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Icebreakers are short group activities that allow the various people inside a new group:
to get to know each other;
to become more comfortable with discussing the topic of groupwork; or
to become more comfortable with expressing dissenting views.
When to use
Use icebreakers at the start of a group activity to engage them to get to know each other and establish relationships for the rest of the gathering. Icebreakers can also be used if a group of people who know each other well feel embarrassed because they have to tackle a difficult or new subject together.
Marc Steinlin posted an important strategic message about Icebreakers on the KM4Dev list in October, 2008 and wrote " "I think it's important that you consider carefully, what you want to create as foundation of the workshop to come. In my experience - and that of others - you have the first 30-60 minutes to establish a "culture" and set the tone for the entire rest of the workshop. Ie. if you want people to carefully listen to each other, you have to make them doing that in the beginning. If you want them to interact and create networks of relationships, they should have a first opportunity to do so. This is why conventional openings with key notes are so detrimental - they immediately create a climate of talking heads, disengagement, boredom - and afterwards organisers are surprised if participants don't listen, don't participate, don't engage..."
How to use
The facilitator invites all the participants to take part in the icebreaker. Depending on the method, there are different ways of using icebreakers.
Ball around the world
Find somebody who...
Just three words
My wish for today
One fact about yourself
Who Am I?
Tips and Lessons Learnt
The facilitator should keep time so that the icebreaker does not eat too much of the time set for the meeting itself but also allow enough time for the participants to get to know each other and interact until they feel comfortable with one another. Thirty minutes of ice-breaking is a good start.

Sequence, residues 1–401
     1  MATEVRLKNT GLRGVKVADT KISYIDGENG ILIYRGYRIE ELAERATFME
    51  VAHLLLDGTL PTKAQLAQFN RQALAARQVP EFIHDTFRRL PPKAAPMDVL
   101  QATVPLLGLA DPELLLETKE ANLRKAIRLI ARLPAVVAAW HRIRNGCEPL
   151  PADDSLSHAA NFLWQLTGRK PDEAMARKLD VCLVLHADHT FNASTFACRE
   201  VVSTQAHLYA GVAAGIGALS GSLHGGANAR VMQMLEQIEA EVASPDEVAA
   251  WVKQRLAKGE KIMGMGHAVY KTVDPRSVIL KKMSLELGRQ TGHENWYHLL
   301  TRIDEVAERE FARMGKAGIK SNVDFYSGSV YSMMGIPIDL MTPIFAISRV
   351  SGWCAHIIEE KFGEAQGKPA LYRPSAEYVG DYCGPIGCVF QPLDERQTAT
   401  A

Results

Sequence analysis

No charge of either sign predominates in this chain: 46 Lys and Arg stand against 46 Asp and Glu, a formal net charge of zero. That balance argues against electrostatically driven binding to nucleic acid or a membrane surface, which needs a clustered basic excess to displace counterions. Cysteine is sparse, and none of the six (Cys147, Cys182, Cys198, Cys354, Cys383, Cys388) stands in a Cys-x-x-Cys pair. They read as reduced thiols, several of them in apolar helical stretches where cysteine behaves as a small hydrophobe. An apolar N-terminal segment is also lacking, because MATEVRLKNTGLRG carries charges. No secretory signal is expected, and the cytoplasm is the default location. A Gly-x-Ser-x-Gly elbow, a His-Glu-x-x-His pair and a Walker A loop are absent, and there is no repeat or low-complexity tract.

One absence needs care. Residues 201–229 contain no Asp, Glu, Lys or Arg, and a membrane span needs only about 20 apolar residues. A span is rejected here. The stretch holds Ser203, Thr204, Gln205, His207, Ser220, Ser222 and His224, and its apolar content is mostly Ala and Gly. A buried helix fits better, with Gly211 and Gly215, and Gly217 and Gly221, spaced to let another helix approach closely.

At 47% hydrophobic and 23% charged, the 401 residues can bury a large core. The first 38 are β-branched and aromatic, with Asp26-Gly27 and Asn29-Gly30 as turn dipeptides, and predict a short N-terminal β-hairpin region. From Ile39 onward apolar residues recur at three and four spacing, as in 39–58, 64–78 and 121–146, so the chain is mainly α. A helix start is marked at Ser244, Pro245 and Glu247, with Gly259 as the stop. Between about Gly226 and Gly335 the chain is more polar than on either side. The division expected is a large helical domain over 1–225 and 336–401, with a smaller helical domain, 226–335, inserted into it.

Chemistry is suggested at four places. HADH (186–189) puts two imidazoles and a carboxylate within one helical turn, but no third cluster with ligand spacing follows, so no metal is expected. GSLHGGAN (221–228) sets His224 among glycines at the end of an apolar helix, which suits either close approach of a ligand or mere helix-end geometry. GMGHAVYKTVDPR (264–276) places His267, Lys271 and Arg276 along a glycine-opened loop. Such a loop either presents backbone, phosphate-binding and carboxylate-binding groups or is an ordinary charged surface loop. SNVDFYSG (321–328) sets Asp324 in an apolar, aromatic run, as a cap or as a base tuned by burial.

Examples & Stories
From KM4Dev Discussions:
Marc Steinlin: "Today I have just opened the Inter-agency Conference on Local Economic Development. We have right away started with a World Café - no introduction, no welcome, no explanations - it clearly signalled that this is the participants' event, that they are important and they should hold conversations and share. Only after 2 hours, we did the formal opening."
Lucie Lamoureux: On the tagging icebreaker - "I've also been using it a fair bit and people seem to like it a lot. The way I usually do it is to first ask people to write down a keyword on their name tag that describes them in a professional setting (e.g. "meticulous", "hard-working", etc.). They then have to walk around and read what other people wrote down, then try to cluster around those they feel a certain kinship or sense of belonging to. Then you ask these "clusters" to give themselves a new name or keyword, basically what they collectively represent. Then, I usually repeat the same exercise with one keyword that describes them in a personal setting (e.g. "fun-loving", "mother", "movies", etc.) and do the same again. Note: you can do this with a pretty big group, I've done it with up to 50 people. It's fun and a bit chaotic, it gets people to move around, to look at name tags, to start talking to people and to find commonalities, which always helps when trying to build "togetherness", as you mentioned."